AutoPRSUs engine discussion

Discussion in 'General Auto Conversion Discussion' started by pfarber, Aug 29, 2019.

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  1. Jan 13, 2020 at 5:02 PM #161

    PMD

    PMD

    PMD

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    Anyone Can build a gear. VERY few can build a good one. A lot fewer still can meet the demands of gears in a redrive, especially on engines that have torsional resonance issues (i.e. two cycle singles and twins and four cycle up to 4 cylinders). Did a bunch of gearbox testing for one of the very best gear makers on Earth, and still had failures (in medium duty trucks).

    BTW: had lunch with a friend who used to build RR turbines. What he/they went through in machining parts was far beyond what your wildest dreams/nightmares could imagine.
     
  2. Jan 13, 2020 at 10:52 PM #162

    Lendo

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    Mulla- anyone can make gears anyone can pick a ratio,what their made from, how good is the tooth profile designed for what RPM and how long will it last, is entirely a different story . Then there's the housing and it's needed strength to cope with prop loads and Power loads, not to mention the bearings considering Thrust loads, then there's the cooling/ oiling considerations. Then there's the Torsional Vibrations issues, that must be handled with a damper - of a type suitable.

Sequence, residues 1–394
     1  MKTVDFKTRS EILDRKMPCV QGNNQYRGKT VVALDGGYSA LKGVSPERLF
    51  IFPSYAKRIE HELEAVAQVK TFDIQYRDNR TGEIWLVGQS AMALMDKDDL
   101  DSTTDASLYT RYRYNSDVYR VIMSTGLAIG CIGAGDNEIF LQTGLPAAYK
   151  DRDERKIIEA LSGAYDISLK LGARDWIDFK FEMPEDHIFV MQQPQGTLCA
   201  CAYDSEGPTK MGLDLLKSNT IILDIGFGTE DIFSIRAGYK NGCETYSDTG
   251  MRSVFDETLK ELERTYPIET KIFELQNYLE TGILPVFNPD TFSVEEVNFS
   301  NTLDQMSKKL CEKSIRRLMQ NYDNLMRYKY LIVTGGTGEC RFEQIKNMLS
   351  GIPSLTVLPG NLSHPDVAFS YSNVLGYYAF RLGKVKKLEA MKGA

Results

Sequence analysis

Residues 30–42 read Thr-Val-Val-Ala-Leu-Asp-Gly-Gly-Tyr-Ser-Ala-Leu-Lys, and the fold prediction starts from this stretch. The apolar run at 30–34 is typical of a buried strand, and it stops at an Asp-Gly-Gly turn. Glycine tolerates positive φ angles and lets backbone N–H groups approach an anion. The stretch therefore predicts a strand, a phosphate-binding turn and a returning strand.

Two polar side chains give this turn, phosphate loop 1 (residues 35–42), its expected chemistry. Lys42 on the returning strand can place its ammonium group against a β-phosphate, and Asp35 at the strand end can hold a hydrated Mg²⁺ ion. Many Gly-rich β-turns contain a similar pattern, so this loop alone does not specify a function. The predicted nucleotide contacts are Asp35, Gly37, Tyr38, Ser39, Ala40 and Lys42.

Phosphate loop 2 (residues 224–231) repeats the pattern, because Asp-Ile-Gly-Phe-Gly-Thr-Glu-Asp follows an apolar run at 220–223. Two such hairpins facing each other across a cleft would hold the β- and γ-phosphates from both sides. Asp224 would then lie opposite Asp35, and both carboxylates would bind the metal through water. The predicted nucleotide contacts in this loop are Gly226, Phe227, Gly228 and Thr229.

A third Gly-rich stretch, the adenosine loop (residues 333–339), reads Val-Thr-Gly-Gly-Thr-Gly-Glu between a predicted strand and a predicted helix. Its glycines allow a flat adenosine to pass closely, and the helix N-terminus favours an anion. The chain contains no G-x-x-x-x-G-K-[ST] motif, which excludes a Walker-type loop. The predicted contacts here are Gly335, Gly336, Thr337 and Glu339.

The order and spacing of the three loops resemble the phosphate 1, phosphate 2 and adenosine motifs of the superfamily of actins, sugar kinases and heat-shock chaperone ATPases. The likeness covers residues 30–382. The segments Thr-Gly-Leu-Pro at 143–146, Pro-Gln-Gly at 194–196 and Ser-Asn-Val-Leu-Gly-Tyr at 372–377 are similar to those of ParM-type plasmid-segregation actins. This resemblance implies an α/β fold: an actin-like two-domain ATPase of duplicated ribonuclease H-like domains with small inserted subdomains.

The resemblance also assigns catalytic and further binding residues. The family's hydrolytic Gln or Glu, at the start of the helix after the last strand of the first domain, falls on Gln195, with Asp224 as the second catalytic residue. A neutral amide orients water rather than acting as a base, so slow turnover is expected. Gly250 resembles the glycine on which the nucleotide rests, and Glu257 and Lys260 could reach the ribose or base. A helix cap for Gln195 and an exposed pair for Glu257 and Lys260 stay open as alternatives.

Get that all sorted, then your right to go - get it wrong and you might imagine the result.
    George
     
  3. Jan 13, 2020 at 11:22 PM #163

    pfarber

    pfarber

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    Wow I mis-remember that big time. I was sure it was a certified. The procedure they go through doens't seem to bad, but I don't think the FAA would do this for a 172.
     
  4. Jan 14, 2020 at 3:47 AM #164

    mcrae0104

    mcrae0104

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    Better not tell the FAA about this one then...

     
  5. Jan 14, 2020 at 4:20 AM #165

    pfarber

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    Category: Exhibition

    So its not really something useful.

    Experimental Purpose of Exhibition (§§ 21.191(d))

    "This purpose includes exhibiting the aircraft’s flight capabilities, performance, or unusual characteristics at air shows, fly-ins, and similar events; for motion picture, television, and similar productions; and for the maintenance of exhibition flight proficiency, including (for persons exhibiting aircraft) flying to and from such events and productions."

    I think this is a significant difference from what E/AB which allows passengers and 'free flight' not linked to an exhibition.